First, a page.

After the student’s situation elevated to the point of fainting in the middle of the mall, they were put into an in-patient care for two weeks and worked with a therapist, psychiatrist and a nutritionist to help get back to a healthy lifestyle.
“The [in-patient] I went to . . . you have to sit at the dinner table and finish all of your food, and no one else at the table can leave until you finish,” the student said. “They lock the bathrooms for like 45 minutes at the end of the meal so people wouldn’t have the urge to throw up.”
Although in-patient treatments can be strict or hard to adapt to, the programs are designed to get those who struggle to a healthy daily habit of eating that will promote long-term change. Other treatment opportunities like therapy and working with a nutritionist help get back to healthy eating habits in a slower effective fashion.
Because of the stigma surrounding mental health and admitting to struggling, many people who struggle with eating disorders do not actively seek out medical help or therapy on their own. More often than not, no one besides the person struggling knows about their condition.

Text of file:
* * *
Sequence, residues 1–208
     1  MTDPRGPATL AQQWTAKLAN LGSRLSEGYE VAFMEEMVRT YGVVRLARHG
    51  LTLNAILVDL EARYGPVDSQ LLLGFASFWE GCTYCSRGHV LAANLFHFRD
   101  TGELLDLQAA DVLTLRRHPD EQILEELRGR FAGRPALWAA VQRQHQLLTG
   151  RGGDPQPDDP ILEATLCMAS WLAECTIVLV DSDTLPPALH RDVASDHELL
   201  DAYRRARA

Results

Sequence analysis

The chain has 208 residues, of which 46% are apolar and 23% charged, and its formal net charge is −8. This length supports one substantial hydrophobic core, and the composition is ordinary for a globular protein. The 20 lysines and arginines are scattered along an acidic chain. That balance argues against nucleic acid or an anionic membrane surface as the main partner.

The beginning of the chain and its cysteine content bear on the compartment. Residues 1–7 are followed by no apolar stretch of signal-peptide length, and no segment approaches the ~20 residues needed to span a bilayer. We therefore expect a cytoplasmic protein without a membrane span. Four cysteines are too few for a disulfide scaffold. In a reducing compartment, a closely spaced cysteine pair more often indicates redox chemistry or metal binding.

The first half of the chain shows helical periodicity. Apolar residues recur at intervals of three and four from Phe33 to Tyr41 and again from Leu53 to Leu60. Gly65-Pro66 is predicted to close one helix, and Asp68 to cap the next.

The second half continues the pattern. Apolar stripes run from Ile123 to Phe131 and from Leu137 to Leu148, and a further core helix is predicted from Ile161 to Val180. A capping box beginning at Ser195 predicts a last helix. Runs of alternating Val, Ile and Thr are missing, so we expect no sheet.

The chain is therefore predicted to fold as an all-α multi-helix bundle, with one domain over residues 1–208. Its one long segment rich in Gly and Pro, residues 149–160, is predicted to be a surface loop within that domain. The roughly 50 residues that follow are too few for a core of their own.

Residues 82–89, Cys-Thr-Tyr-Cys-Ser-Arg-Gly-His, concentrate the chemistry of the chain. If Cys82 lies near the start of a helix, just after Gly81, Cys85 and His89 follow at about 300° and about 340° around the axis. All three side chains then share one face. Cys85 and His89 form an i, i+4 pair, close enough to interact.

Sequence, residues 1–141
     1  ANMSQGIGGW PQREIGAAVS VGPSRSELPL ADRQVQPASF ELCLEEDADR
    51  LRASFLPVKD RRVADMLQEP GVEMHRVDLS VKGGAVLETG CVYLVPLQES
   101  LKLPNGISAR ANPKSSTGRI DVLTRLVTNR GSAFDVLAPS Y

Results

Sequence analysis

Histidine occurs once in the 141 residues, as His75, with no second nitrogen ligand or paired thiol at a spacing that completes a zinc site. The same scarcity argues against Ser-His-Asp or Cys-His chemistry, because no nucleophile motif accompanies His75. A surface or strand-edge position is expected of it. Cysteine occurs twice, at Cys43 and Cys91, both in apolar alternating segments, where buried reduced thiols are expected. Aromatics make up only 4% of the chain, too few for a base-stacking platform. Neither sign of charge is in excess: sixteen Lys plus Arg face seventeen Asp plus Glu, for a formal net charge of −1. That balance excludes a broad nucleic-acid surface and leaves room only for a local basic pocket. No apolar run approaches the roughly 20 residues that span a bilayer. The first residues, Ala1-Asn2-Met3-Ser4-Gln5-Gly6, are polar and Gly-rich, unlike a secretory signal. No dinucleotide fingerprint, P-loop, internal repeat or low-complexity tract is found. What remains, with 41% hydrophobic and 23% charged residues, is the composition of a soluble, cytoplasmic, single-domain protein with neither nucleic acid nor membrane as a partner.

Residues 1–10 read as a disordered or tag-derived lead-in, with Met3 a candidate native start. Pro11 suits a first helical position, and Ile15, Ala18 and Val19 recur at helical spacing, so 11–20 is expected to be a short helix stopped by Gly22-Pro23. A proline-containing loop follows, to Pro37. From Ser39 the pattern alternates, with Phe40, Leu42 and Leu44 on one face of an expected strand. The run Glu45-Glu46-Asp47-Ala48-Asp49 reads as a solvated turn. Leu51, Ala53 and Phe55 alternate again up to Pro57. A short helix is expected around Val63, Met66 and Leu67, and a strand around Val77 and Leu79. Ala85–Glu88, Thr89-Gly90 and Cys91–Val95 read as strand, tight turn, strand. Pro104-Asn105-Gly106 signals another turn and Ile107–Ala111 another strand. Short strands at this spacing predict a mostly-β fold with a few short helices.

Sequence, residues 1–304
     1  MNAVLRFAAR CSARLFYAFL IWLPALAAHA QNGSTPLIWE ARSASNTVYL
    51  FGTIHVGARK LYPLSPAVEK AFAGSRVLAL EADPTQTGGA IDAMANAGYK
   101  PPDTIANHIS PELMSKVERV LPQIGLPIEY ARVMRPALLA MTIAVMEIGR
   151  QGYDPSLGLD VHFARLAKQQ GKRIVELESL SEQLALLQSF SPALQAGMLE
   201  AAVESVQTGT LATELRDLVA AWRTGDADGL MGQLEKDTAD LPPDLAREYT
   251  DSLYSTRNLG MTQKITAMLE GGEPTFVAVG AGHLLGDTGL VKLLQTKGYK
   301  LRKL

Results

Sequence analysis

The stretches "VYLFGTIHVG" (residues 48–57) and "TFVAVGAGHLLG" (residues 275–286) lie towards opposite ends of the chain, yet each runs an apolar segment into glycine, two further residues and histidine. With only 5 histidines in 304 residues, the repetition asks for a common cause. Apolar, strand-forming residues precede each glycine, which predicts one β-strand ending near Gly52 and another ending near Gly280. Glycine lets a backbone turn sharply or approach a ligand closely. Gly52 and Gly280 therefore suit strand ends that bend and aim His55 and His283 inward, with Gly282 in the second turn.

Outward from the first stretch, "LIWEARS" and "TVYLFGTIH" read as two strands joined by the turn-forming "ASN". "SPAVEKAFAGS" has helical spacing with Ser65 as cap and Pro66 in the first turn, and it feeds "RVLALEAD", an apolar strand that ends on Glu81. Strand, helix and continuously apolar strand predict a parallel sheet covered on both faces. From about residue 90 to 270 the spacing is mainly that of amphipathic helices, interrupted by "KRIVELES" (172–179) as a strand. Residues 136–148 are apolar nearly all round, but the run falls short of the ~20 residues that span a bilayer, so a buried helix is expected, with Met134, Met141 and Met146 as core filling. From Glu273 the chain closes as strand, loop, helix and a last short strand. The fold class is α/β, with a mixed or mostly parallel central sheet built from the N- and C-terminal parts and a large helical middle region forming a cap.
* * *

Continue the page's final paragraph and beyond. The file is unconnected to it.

Eating disorders and mental health stigma can discourage those suffering to tell somebody about their struggle. Not getting treatment can often worsen the situation, or can let it progress for longer periods of time than is healthy.
Treatment should have been the next choice for Eastern Iowa High School teacher who agreed to be interviewed if their identity remained anonymous. This teacher struggled with anorexia in high school.
“I never did get treatment for it, and that was not my recommended course of action. I think that anyone struggling with anorexia should get treatment . . . With the stigma that exists with admitting that you have an eating disorder or any sort of mental illness, people keep it to themselves and I just think that, while that might feel like a safe option, it is really so much better to get help if you can,” the teacher said.
This stigma surrounding eating disorders puts those who struggle in a position of fear or anxiety when it comes to admitting to their condition or asking for help. Only one third of those struggling with anorexia get treatment, despite it being the eating disorder resulting in the largest fatality rate of all mental illnesses. Only 6% of those who struggle with bulimia get help. This stigma not only hurts the access to therapy and other help; it also affects what peers know and can learn about eating disorders.
“I was fortunate because there are a lot of people that struggle with anorexia that don’t have that rational processing of it. Like they can’t be like ‘Oh, this is unhealthy for me so I’ll stop.’ They can’t stop, and I think that’s where there are a lot of people much less fortunate than I was,” the teacher said.
It is easier for an eating disorder to go unnoticed because of the low education and little access to facts that peers have about eating disorders, and the misunderstandings that come with that.